In my home setup, I have a Behringer Ultragain Pro-8, giving me a maximum of 16 I/O, but I didn’t need that many for this project. The interface uses a software mixer, where you can mix between the live inputs and the output from pro-tools, so you can get round any latency problems when recording with mics. For recording guitars, we needed to use amp modellers from inside Pro Tools, so a small amount of latency is unavoidable.

Any bits of kit that you could not do without?

You can use as many plugins as you like, but if the sound at the microphone isn’t right, you’re never going to be able to change that. A Reflexion Filter definitely makes it a lot easier to get professional sounding results.

One bit of kit which I believe made a huge difference was my SE Reflexion Filter. My flat is not acoustically treated, so without it, all the vocals would have had a boxy slap or unpleasant flutter echoes all over them. It is a bit pricey, but after asking some fellow engineers if it was worth getting the original version (which I think is now called the “Pro”) compared to the cheaper versions or DIY alternatives, the answer was a resounding “yes”.

You can use as many plugins as you like, but if the sound at the microphone isn’t right, you’re never going to be able to change that. A Reflexion Filter definitely makes it a lot easier to get professional sounding results.

Any bits of kit you believe add something special to the process (mics, preamps etc)?

I have an ART Pro MPA dual valve preamp which I bought off ebay a couple of years ago which I used for most of the stuff I recorded in my flat. It has a high pass filter to get rid of any unwanted low end and you can vary how hard you drive the tubes, so you can get anything from clean, to slightly warm to full on analogue clipping. Having that variety means that even thought I used the same preamp for a lot of the album, it wasn’t an identical sound I was getting every time.

There were a couple of mics which got a lot of use on this album – my pair of Octava MK012 MSP6 (matched pencil mics each with a choice of omni, cardioid and hypercardioid capsules), which I used on accordion, mandolin and acoustic guitar, and my SE Z5600 A, which I used on all the vocals and the banjo.

I know you did some re-amping. Can you explain how you went about that and why?

Just to make sure everyone is up to speed with what we’re talking about, re-amping is simply playing a previously recorded track back through an amp and recording the result. In this case, I plugged the guitar straight into the DI input of my interface, and recorded the clean signal, while monitoring using the Native Instruments Guitar Rig plugin. Later on, I played the clean signal into a real amp and recorded it with a microphone back into the computer.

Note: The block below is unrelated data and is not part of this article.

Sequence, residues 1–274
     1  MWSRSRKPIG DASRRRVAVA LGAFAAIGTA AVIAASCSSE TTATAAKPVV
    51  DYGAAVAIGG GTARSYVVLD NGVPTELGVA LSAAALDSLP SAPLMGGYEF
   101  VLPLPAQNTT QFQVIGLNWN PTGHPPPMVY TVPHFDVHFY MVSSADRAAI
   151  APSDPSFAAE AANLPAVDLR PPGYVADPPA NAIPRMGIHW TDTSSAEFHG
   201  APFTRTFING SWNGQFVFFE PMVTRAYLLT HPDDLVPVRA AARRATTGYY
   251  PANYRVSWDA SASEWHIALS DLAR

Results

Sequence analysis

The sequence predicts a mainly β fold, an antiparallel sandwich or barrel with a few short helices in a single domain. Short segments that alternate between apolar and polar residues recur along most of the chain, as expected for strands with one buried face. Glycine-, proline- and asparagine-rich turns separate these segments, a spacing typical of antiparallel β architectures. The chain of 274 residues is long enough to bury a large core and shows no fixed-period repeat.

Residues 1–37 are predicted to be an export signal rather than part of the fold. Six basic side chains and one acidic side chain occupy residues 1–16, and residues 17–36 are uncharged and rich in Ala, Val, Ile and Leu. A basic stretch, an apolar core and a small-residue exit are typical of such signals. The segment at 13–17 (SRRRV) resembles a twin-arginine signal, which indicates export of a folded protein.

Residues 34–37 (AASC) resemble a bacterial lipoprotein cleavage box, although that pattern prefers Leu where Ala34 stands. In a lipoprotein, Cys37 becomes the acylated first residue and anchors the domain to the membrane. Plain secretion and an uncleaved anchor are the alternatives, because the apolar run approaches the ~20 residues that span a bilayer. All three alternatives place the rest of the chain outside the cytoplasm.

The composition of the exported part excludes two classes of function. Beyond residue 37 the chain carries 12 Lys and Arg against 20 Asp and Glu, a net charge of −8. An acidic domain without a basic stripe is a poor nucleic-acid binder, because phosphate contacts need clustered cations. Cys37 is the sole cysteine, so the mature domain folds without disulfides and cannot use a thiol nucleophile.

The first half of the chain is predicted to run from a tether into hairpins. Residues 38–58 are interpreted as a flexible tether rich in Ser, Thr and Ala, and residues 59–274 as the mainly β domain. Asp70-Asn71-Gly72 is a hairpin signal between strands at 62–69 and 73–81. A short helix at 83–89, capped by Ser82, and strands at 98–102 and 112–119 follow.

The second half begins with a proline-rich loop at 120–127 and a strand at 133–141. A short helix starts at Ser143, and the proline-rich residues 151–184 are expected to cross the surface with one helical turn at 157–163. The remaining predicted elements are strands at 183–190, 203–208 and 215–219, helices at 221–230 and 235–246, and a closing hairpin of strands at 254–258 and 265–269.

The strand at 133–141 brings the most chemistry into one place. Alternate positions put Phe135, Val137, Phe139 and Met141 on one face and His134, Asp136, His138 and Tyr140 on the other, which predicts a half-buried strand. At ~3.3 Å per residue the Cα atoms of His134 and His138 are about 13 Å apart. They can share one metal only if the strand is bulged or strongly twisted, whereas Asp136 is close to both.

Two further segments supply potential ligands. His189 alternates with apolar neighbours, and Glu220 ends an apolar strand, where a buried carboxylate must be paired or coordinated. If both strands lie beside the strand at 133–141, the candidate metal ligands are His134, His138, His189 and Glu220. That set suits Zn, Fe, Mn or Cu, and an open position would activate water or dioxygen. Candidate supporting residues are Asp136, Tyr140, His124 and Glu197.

To do this, I used a re-amp box, which takes a line level input and converts it to a signal which is the same impedance as the output of a guitar. My re-amp box also has a volume knob, so you can match the signal level you’re sending to the amp to the signal level that you get from a guitar. This process isn’t limited to guitars, you can do it with anything – you could use a guitar amp to create a dirty vocal, or and grit to a snare or full drum kit, or even play some stuff out into a cool sounding room to get some unique, authentic reverb effects. For this album, we just used it for guitars though.

The re-amping idea came out of a combination of laziness and thrift. Along with drums, recording guitar amps were too loud to record in my flat, so in order to get the real guitar sound, we’d need to pay for studio time. Also, as we’d already done demos for all the songs on the albums, we had some completely useable takes of DI’d guitars and it seemed slightly pointless to just throw them away if the performance was good. So I bought a re-amping box and we finished recording the guitar DIs in my flat. There are a few huge advantages to this work flow.

  1. You do all the loud stuff in one go, so you cut down on studio time – you can record all the guitars silently with headphones if you choose, and you can spend as much time as you want or need working on that killer solo without feeling like you’re wasting money.
  2. When you record the DI guitar track, you can pay full attention to the performance. The tone is not important at this stage – it’s just about nailing the parts and getting the performance.
  3. The other side of this is that you can spend as much time as you want getting the tone right with the amp later. As an engineer, you don’t even need to guitarist to be there, you can spend as much time as you want trying out different combinations of amps, mics and mic placements.